1. Grand Traverse II Factors
The leading case interpreting the meaning of the ROLE is Grand Traverse Band of Ottawa and Chippewa Indians v. United States Attorney for the W.D. Mich., 198 F. Supp. 2d 920 (W.D. Mich. 2002) ("Grand Traverse II"). The Grand Traverse II Court suggested three factors to consider in determining whether a parcel of land constitutes a "restoration of lands" for a given tribe: (1) the factual circumstances of the acquisition; the (2) location of the acquisition; and (3) the temporal relationship of the acquisition to the tribal restoration. 198 F. Supp. 2d at 935. Although the parties agree that the Grand Traverse II factors should guide the court, they disagree as to whether their application supports a conclusion that the Chico Parcel constitutes a restoration of lands. The parties focus on the second Grand Traverse II factor. Because the first and third Grand Traverse II factors support the Opinion and the agency decisions and because there is little argument between the parties on these factors, the court likewise will focus on the second Grand Traverse II factor-location.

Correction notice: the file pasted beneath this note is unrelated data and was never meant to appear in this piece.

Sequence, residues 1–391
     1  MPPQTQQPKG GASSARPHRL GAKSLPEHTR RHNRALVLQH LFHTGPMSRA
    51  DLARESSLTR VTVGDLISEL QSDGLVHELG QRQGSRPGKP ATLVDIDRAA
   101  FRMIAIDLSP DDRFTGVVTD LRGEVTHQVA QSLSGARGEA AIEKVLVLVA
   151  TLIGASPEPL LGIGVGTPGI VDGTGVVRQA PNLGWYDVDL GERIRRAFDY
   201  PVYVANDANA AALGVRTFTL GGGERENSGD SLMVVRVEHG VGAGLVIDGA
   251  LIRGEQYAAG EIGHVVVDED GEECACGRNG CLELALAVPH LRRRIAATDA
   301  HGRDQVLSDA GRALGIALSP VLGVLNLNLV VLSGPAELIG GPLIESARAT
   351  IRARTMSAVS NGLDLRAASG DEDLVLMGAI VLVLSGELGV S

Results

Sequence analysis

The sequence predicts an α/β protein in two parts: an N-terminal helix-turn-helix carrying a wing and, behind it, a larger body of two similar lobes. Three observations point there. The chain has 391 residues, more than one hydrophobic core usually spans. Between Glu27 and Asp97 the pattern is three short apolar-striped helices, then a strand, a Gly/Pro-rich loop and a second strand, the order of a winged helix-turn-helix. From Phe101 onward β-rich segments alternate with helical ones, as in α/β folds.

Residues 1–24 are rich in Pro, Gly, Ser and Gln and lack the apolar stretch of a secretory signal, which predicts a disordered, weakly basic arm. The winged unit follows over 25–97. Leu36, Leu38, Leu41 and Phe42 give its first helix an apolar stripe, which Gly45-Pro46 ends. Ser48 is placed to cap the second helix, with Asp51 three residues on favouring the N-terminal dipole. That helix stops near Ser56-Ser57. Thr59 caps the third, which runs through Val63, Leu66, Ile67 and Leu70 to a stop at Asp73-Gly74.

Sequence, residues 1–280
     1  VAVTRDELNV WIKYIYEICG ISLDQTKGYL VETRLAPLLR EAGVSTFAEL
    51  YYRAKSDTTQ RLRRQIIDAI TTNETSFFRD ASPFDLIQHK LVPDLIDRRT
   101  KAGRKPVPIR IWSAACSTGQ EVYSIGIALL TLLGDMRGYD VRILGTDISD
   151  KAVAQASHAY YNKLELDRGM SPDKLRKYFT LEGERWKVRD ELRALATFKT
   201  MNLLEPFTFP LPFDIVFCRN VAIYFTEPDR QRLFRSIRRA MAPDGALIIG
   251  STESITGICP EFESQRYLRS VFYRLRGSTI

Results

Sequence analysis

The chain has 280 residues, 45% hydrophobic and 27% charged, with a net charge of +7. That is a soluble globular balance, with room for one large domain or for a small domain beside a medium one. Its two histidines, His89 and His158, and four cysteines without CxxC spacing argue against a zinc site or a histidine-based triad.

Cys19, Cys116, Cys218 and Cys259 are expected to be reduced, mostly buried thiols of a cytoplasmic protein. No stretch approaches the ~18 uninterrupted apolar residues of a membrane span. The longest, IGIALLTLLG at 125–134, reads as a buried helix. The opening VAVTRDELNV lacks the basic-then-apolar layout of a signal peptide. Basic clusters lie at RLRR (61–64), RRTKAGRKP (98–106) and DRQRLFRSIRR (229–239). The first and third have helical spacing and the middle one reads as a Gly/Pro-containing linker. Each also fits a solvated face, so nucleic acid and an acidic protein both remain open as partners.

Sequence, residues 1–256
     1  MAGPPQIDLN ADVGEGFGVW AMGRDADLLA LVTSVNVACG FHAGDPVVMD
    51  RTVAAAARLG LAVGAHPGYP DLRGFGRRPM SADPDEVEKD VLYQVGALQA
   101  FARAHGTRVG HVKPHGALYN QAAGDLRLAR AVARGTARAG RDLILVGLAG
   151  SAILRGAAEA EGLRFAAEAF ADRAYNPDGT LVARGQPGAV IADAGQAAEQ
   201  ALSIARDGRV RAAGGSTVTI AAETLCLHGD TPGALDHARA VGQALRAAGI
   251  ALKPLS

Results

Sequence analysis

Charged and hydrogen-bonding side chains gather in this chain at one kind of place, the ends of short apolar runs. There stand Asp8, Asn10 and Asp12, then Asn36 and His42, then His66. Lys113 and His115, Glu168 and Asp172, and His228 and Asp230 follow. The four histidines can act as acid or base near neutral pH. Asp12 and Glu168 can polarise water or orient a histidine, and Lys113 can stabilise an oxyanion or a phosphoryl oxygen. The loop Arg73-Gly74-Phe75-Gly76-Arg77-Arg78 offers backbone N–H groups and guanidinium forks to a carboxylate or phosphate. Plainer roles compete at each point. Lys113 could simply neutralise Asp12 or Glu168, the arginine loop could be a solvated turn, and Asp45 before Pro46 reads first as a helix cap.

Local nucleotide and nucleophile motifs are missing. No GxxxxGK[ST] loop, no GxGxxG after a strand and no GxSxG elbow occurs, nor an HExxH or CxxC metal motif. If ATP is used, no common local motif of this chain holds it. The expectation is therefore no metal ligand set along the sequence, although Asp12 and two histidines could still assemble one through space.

Defendants contend that both the NIGC and the Department properly determined that the Chico Parcel constitutes a restoration of lands.*fn8 They explain that the NIGC's determination relied in large part on the Opinion and that the Department's determination relied in large part on the Opinion and the NIGC determination. With respect to the Opinion, Defendants contend that the OGC fully evaluated the Grand Traverse II factors and "articulated a rational connection" between the record facts concerning the Chico Parcel and the conclusion that it constitutes a restoration of lands. See Transcontinental Gas Pipe Line Corp., 518 F.3d at 919. Specifically, with respect to the location factor, Defendants contend that the OGC considered voluminous evidence submitted by the Tribe including a report of a historian, similar to Beckham, all of which indicated that the members of the Tribe were in fact descendants of the original Mechoopda Tribe and that the Tribe had a geographic and cultural connection to the Chico Parcel. Defendants go on to argue that the County cannot identify a single deficiency in the OGC's analysis. Moreover, according to Defendants, the County cannot seek to invalidate the action of either the NIGC or the Department simply because they relied on that analysis, especially considering that it was complete and correct. Accordingly, Defendants ask this court to reject the County's challenge.